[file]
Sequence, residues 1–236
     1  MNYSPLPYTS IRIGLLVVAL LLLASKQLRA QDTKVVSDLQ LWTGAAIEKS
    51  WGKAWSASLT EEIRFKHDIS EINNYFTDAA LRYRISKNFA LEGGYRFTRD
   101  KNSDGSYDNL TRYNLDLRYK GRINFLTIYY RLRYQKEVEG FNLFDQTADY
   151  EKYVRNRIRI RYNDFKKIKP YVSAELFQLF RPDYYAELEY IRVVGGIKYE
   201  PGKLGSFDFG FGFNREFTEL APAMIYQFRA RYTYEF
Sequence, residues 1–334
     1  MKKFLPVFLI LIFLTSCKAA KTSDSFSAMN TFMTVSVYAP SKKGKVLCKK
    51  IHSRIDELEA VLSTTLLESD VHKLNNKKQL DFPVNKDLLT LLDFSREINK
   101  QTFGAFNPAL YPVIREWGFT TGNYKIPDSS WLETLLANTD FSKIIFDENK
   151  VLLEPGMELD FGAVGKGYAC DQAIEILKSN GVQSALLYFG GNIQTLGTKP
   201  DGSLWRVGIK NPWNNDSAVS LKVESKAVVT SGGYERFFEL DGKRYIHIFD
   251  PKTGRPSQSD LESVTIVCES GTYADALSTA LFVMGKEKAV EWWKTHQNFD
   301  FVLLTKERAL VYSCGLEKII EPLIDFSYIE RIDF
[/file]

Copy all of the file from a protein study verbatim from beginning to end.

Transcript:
Sequence, residues 1–236
     1  MNYSPLPYTS IRIGLLVVAL LLLASKQLRA QDTKVVSDLQ LWTGAAIEKS
    51  WGKAWSASLT EEIRFKHDIS EINNYFTDAA LRYRISKNFA LEGGYRFTRD
   101  KNSDGSYDNL TRYNLDLRYK GRINFLTIYY RLRYQKEVEG FNLFDQTADY
   151  EKYVRNRIRI RYNDFKKIKP YVSAELFQLF RPDYYAELEY IRVVGGIKYE
   201  PGKLGSFDFG FGFNREFTEL APAMIYQFRA RYTYEF
Sequence, residues 1–334
     1  MKKFLPVFLI LIFLTSCKAA KTSDSFSAMN TFMTVSVYAP SKKGKVLCKK
    51  IHSRIDELEA VLSTTLLESD VHKLNNKKQL DFPVNKDLLT LLDFSREINK
   101  QTFGAFNPAL YPVIREWGFT TGNYKIPDSS WLETLLANTD FSKIIFDENK
   151  VLLEPGMELD FGAVGKGYAC DQAIEILKSN GVQSALLYFG GNIQTLGTKP
   201  DGSLWRVGIK NPWNNDSAVS LKVESKAVVT SGGYERFFEL DGKRYIHIFD
   251  PKTGRPSQSD LESVTIVCES GTYADALSTA LFVMGKEKAV EWWKTHQNFD
   301  FVLLTKERAL VYSCGLEKII EPLIDFSYIE RIDF